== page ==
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It is rare to find such synergy and the three of them shared the same vision. [Above from left to right: Eva Gottscho, Halbe Brown, Ira Greifer and Bill Primack.]
Such a thing, in so remote a location, had never been tried, and indeed some thought it was an outlandish idea. Dr. Greifer was at the time the medical director of the Children’s Kidney Center at Albert Einstein Hospital of Medicine (now Montefiore), the largest such unit in the northeast U.S. and the only one in New York State. We must remember that it was only in 1973—just a year before the planning began to create our program—that Medicare began to pay for the costs of dialysis; it was also a time when it was thought too technically difficult to provide this type of therapy to children.
In Dr. Ira Greifer this stupendous effort found a person with an already growing reputation as a true visionary for inclusive global health in pediatrics—someone who knew medically, institutionally, and ethically how to extend health care to children whose chronic condition had led many in hospitals, schools and, alas, even families, to give up on their ever having a chance to interact with healthy peers. Because of Dr. Greifer’s dauntless vision, children on hemodialysis—in those days just about as restrictive an ongoing medical treatment a child could have to endure—not only interacted with healthy peers at camp, but they swam in a cold mountain lake, played kickball with everyone else, screamed their village’s cheers after lunch, made real lasting friendships, found in their counselors supportive and understanding big brothers and sisters, and—most astonishingly—hiked to overnight campsites and slept out under the stars, far away from the camp’s medical staff and even further from understandably protective (and now remarkably gratified) parents and siblings. Dr. Greifer gave these children, through his vision, the gift of a childhood.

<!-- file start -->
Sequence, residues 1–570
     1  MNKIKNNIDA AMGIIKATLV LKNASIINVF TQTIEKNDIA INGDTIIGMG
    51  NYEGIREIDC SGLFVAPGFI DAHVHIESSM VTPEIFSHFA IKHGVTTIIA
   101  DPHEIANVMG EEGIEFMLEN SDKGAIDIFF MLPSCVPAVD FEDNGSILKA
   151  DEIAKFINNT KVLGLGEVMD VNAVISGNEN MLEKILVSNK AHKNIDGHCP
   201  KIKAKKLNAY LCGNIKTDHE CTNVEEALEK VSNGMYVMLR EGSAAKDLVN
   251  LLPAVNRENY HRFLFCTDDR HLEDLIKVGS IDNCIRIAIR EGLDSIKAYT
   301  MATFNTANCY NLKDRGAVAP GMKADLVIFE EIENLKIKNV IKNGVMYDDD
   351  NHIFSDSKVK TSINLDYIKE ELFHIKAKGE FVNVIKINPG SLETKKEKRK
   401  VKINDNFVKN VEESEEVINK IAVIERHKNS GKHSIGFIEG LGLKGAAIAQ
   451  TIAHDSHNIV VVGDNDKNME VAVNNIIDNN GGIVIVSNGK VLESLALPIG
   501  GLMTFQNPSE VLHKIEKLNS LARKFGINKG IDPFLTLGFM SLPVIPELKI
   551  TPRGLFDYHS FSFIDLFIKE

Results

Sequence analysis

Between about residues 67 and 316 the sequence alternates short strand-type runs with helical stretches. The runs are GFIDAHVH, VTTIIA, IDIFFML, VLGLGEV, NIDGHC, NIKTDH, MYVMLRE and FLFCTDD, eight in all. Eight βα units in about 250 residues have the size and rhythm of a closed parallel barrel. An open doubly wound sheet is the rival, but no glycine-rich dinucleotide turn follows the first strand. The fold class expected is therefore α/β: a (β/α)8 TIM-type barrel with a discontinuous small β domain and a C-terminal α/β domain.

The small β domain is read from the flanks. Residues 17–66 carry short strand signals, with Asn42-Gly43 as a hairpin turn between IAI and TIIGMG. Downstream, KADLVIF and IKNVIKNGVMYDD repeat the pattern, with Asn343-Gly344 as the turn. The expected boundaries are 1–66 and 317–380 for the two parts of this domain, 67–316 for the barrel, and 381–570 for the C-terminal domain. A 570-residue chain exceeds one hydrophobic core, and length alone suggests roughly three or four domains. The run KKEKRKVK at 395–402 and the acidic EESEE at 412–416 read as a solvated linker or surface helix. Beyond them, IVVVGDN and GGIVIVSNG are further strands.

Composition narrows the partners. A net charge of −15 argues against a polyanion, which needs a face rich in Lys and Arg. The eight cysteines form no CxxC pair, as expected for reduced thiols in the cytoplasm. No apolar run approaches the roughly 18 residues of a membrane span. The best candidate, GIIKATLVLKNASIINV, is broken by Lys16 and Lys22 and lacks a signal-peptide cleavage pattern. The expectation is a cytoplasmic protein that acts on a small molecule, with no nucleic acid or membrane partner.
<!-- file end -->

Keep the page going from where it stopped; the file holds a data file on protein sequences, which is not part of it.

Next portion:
Ira Greifer had entered the field of pediatric nephrology as it was being defined at Albert Einstein College of Medicine by his mentor Dr. Henry Barnett. Very soon Dr. Greifer was himself leading the way in his advocacy on behalf of children’s medical and psycho-social needs (the latter was then a very new consideration), in his support of research and education in nephrology and pediatrics generally, and in his hard pushing for legislation to enable better delivery of health care to kids with chronic illness. He created an innovative family-centered care project, the famed “Mothering in Hospital Program”; worked with Senator Jacob Javits to establish the New York State Kidney Disease Institute; served as medical director of the National Kidney Foundation; made possible the funding of training fellowships that supported more than a thousand Fellows; and played a leadership role in the passage of federal legislation establishing access to dialysis treatment or the opportunity for transplantation as an equal right. Dr Greifer taught several generations of Fellows and his wisdom and sense of “the possible” lives on through them.
[Above: Rafik Ghobrial introduces the induction of Dr. Greifer, as Rick Kaskel waits to receive the plaque, which he will then give to Dr. Greifer in person.]
Frost Valley’s trustees have already honored Halbe & Eva with induction to the Hall of Fame. It is fitting that the circle is now closed with the induction of the third of these formidable people. The Board of Trustees of Frost Valley YMCA takes this time to recognize a world-renowned leader in pediatrics who has devoted so much insight and energy to the program here, but it is especially appropriate that his entrance into Frost Valley’s Hall of Fame coincides with the fortieth consecutive summer of our kidney program—of the project that was once deemed a truly impossible dream. That such an impossibility is now considered “just part of camp” is itself a testament to Dr. Ira Greifer’s true powers of tenacity and imagination.